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Lincoln in four parts

Four new Lincoln cent reverse designs for 2009 were unveiled Sept. 22 on the steps of the Lincoln Memorial in Washington, D.C., by Mint Director Ed Moy and Abraham Lincoln presenter Jim Rubin.

“These designs represent the first change in the Lincoln cent in half a century,” Moy said. “These coins are a tribute to one of our greatest Presidents whose legacy has had a lasting impact on our country. He believed all men were created equal and his life was a model for accomplishing the American dream through honesty, integrity, loyalty and a lifetime of education.”

Ruben unveiled the designs set up on easels on the Memorial’s steps.

The first design showing a log cabin represents Lincoln’s birth in the state of Kentucky.

The second features Lincoln the rail splitter sitting on a log reading to mark his early life in Indiana.

The third design shows him as a young professional in Springfield, Ill., standing with the Old State Capitol behind him.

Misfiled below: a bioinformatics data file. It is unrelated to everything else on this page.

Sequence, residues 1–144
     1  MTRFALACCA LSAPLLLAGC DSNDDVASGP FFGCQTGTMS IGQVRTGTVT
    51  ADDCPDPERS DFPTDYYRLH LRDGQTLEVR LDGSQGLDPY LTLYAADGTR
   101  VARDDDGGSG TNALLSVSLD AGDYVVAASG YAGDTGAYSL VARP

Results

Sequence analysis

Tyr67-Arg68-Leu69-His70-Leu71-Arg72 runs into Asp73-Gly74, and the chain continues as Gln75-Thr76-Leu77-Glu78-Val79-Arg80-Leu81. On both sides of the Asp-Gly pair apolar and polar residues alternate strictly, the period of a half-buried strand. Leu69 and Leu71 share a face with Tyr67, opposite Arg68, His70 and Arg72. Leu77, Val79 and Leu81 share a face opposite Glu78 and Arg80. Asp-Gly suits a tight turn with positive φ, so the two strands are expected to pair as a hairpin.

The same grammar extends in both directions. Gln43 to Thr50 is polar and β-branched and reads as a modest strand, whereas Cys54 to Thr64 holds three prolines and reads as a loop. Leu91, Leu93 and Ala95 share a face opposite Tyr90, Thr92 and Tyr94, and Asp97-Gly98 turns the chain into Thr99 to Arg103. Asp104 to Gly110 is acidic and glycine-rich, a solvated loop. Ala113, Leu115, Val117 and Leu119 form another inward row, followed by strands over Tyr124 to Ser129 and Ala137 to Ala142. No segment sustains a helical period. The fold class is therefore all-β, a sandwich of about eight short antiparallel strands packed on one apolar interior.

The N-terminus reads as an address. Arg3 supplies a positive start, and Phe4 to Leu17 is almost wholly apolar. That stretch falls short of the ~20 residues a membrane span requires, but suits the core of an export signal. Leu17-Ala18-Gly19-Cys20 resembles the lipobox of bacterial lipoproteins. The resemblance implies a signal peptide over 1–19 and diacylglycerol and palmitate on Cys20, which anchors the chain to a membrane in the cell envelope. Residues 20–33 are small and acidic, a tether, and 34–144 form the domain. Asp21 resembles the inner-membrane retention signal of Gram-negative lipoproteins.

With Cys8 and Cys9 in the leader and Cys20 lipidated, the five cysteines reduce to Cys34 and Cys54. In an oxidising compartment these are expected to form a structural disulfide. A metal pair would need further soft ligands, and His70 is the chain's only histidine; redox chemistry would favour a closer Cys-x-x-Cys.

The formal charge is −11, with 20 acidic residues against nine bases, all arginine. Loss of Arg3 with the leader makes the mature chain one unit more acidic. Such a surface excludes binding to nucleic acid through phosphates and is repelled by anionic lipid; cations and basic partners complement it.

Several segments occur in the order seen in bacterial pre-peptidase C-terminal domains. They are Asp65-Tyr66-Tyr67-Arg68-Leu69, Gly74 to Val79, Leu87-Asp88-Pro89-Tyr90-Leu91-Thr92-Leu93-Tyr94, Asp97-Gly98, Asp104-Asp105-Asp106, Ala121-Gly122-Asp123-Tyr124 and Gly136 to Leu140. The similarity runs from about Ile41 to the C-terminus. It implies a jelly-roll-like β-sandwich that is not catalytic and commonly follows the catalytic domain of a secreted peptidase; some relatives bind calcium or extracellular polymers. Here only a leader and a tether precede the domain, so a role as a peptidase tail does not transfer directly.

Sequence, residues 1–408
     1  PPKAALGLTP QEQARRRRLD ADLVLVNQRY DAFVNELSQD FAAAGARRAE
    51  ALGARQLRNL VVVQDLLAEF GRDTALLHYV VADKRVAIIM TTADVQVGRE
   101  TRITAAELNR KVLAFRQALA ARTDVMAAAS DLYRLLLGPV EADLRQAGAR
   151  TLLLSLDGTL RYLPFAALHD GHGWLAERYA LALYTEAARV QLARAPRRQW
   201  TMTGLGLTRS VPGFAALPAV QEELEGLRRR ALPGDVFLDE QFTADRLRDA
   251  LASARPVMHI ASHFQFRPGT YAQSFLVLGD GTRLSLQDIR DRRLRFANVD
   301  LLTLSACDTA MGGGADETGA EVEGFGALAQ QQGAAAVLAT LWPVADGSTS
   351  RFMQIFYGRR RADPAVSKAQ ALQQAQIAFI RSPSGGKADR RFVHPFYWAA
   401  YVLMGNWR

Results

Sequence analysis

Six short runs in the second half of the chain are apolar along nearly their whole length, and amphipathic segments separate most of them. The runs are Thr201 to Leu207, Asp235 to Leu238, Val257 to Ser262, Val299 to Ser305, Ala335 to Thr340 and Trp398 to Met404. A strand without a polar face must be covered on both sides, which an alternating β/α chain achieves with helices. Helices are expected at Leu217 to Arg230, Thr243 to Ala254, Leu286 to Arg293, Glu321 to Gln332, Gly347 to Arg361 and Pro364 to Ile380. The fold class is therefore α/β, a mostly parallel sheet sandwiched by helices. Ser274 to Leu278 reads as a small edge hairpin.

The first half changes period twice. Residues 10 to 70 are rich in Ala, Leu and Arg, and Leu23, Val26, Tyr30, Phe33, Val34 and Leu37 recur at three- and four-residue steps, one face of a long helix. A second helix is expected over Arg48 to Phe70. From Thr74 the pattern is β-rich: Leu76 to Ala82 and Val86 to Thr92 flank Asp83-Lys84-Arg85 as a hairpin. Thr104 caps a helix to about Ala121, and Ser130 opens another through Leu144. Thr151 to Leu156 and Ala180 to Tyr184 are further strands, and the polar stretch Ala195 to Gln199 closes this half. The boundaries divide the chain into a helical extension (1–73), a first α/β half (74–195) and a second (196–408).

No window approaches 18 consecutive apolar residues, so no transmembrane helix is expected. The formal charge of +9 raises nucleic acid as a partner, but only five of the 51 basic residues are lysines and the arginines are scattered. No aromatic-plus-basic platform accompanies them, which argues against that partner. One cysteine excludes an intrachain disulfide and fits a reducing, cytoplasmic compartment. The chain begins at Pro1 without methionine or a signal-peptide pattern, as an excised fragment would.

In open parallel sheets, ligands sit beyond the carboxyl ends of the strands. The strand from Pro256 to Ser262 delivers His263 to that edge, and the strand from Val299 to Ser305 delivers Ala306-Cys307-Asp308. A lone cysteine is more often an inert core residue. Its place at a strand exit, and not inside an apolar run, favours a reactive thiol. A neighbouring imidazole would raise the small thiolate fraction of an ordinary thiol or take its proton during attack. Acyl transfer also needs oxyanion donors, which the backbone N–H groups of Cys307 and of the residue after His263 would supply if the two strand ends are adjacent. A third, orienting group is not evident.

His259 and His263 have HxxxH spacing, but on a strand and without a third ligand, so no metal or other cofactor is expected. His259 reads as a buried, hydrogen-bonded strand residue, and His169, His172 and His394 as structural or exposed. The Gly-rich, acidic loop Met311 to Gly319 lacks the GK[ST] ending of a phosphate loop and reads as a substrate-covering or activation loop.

Lincoln is not on the fourth design. The reverse honoring his Presidency shows the Capitol dome in Washington, D.C., being constructed even as the Civil War raged.
The first reverse will be released on Lincoln’s birthday, Feb. 12, 2009. The others will follow at three-month intervals.

After 2009, the cent’s reverse will feature a design that is emblematic of President Lincoln’s preservation of the United States as a single and united country. The obverse will continue to carry the Victor D. Brenner likeness.

Joining Moy and Rubin for the ceremony were Harold Holzer, co-chairman of the Abraham Lincoln Bicentennial Commission, and Eileen Mackevich, who is the commission’s executive director.

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